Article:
Tom: Well it gradually meant the accordion became more capable of playing classical music or more complicated music.  The advent of the chromatic keyboard accordion, with a full left side of bass and chords, meant there could be more possibilities, and gradually the accordion in that very advanced form became used in jazz, and as we saw in Russia, they used it in classical music.  But what’s really interesting, and this gets back to sort of how what I’ve learned about from being involved with Revels, is how we connect with a variety of folk arts.  What we used to think of as primitive instruments, the one row, diatonic like the Cajun, it’s a very primitive form,  is now valued for its supposed primitiveness is now a virtue.  It allows the player a virtual, sort of visceral energy in playing.  Whereas 50 years ago these primitive accordions would have been thought of as inferior to the keyboard accordions, since the folk revival of the 70s, these one row, primitive, simple accordions are now valued for the credible music energy they impart.  So nowadays those instruments, even though they are simple, and may be considered rustic, compared to the larger accordions, they provide a music energy that cannot be duplicated in the larger ones.  


Maggie: I agree, and actually you’re reminding me of, I was going to ask this later, but it’s reminding me of the piano accordions that were used… I was in the Shetland Islands in the 1970s.  So I was studying fiddle from Tom Anderson and I remember specifically that there was somewhat of a prejudice against the large piano you know, Jimmy-Shand-type accordions, for evening out the subtleties in the music.  In the Scottish fiddle tunes and playing.  Does that sound familiar?  Can you talk about that at all?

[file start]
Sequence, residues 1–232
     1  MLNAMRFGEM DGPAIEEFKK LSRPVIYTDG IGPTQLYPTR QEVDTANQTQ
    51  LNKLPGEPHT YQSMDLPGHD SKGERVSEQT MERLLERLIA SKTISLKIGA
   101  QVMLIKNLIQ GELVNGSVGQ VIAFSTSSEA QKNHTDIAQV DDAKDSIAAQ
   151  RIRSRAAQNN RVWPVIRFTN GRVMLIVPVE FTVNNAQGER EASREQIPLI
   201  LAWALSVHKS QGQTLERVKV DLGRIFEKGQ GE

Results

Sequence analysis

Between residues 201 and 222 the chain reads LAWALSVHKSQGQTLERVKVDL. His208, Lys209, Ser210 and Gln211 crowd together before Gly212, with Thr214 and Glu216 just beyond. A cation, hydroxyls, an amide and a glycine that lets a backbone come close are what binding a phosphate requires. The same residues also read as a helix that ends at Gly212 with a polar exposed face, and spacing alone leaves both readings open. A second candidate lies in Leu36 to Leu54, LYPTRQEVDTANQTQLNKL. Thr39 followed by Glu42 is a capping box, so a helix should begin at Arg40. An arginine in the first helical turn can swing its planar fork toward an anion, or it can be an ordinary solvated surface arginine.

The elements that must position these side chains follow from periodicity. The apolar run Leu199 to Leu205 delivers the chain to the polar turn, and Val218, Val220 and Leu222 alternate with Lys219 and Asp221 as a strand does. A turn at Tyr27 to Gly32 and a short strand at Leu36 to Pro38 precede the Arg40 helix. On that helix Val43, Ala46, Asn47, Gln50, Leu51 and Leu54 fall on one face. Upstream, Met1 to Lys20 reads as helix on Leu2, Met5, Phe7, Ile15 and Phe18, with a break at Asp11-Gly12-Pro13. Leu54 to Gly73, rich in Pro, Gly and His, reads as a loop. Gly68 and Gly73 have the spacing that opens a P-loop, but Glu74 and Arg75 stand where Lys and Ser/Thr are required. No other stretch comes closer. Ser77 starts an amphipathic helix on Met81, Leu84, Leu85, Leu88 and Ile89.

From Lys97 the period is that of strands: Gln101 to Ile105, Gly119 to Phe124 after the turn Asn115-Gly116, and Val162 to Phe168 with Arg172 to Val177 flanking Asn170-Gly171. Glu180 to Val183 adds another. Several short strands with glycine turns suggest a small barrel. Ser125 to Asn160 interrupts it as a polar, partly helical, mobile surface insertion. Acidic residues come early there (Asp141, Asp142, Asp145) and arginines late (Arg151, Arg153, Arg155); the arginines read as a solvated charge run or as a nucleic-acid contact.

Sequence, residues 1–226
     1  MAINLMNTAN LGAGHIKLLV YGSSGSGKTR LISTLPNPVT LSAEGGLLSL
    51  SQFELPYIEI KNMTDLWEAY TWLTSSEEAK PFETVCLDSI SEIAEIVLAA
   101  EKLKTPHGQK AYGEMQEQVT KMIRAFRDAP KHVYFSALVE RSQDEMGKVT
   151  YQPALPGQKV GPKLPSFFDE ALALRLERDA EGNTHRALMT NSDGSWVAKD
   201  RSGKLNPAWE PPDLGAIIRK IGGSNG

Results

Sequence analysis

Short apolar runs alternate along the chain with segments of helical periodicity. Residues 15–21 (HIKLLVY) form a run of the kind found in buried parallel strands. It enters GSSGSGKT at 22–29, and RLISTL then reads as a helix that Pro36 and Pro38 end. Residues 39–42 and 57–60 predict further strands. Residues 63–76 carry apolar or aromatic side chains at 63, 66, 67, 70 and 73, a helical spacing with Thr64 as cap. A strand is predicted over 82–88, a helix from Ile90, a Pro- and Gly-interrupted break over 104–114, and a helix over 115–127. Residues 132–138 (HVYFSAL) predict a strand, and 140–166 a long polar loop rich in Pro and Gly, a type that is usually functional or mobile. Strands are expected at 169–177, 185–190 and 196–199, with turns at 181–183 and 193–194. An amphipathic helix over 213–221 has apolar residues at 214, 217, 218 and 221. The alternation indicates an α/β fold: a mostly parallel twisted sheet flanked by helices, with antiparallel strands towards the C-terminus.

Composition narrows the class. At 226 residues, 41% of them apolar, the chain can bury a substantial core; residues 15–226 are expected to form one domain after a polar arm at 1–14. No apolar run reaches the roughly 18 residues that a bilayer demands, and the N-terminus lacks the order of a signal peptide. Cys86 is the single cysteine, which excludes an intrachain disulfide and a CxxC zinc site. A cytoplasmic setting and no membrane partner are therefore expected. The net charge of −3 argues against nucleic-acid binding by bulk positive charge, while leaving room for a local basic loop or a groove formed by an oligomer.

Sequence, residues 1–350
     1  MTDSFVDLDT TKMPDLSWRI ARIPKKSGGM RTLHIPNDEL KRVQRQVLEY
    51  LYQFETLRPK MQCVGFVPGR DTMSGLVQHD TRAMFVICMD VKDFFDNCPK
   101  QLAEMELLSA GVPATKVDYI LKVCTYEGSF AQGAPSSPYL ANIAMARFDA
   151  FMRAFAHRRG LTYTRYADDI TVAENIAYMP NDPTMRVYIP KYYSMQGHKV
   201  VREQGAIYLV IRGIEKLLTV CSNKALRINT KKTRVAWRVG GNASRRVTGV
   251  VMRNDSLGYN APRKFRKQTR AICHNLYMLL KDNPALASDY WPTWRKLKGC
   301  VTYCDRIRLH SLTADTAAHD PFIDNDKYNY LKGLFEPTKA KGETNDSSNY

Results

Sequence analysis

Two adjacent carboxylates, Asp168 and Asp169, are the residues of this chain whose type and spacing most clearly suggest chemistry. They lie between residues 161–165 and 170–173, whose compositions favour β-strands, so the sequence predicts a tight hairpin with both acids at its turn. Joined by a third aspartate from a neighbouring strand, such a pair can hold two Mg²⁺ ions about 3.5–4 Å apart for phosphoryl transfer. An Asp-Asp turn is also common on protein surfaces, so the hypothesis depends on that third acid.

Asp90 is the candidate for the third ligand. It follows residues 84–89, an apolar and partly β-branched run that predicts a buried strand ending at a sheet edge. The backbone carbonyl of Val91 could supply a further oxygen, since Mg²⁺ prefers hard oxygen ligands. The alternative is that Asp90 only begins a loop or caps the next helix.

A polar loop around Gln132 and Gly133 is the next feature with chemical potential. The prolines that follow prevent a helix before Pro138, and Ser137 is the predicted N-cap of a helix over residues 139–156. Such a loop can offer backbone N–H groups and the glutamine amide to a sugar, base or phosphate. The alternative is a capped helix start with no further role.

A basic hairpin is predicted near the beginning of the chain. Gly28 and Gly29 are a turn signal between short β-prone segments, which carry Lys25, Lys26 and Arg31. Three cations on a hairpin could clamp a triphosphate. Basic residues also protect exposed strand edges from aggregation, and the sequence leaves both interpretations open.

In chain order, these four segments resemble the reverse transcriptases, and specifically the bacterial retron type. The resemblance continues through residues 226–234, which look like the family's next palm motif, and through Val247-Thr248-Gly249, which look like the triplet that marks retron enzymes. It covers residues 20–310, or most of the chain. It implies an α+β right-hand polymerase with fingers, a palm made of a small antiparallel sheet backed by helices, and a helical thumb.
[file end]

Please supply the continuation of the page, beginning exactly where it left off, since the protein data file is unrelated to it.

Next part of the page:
Tom: Oh yes that’s it!  And by the way you studied with Tom Anderson, that’s amazing, I’m impressed and envious.  Of course Tom Anderson handed down many Shetland tunes and in fact, my Revels piece, I end with two Shetland pieces.  I play on a large accordion.  But yes, you’re right.  You cannot show up at an Irish session with a modern, big piano keyboard.  They would look at you like…  yeah. And in a lot of places, Shetland in particular, the accordion really wasn’t used all that often at all that I’m aware of.  And certainly, the accordion as played by Jimmy Shand would have been viewed as more of a music hall, you know, bourgeois kind of instrument.  And while there are certainly cultures where that prejudice did continue, what’s remarkable is how much the accordion in whatever form it became aware of in any particular culture, was adopted successfully.  So I’m thinking for example in Bretton, in Brittany, the area of western France, they had these various bagpipes, the binioù, the binioù-kozh had been played for who knows, since the 1600s, and when the accordion came along, initially it was worried that the accordion would supplant those instruments.  But then wound up playing together.  So now you have accordion and binioù-kozh.  Same thing in Eastern Europe, the large piano accordion started being popular in the 50s and 60s in Bulgaria and Serbia.  There were those who preferred the old village instruments, the kaval, the gadulka, the tambura, for example, the gaida, the bagpipe.  But eventually, those instruments all started playing together, and so I look at the accordion as sort of the melting pot, the great equalizer that people overcome their prejudices against it.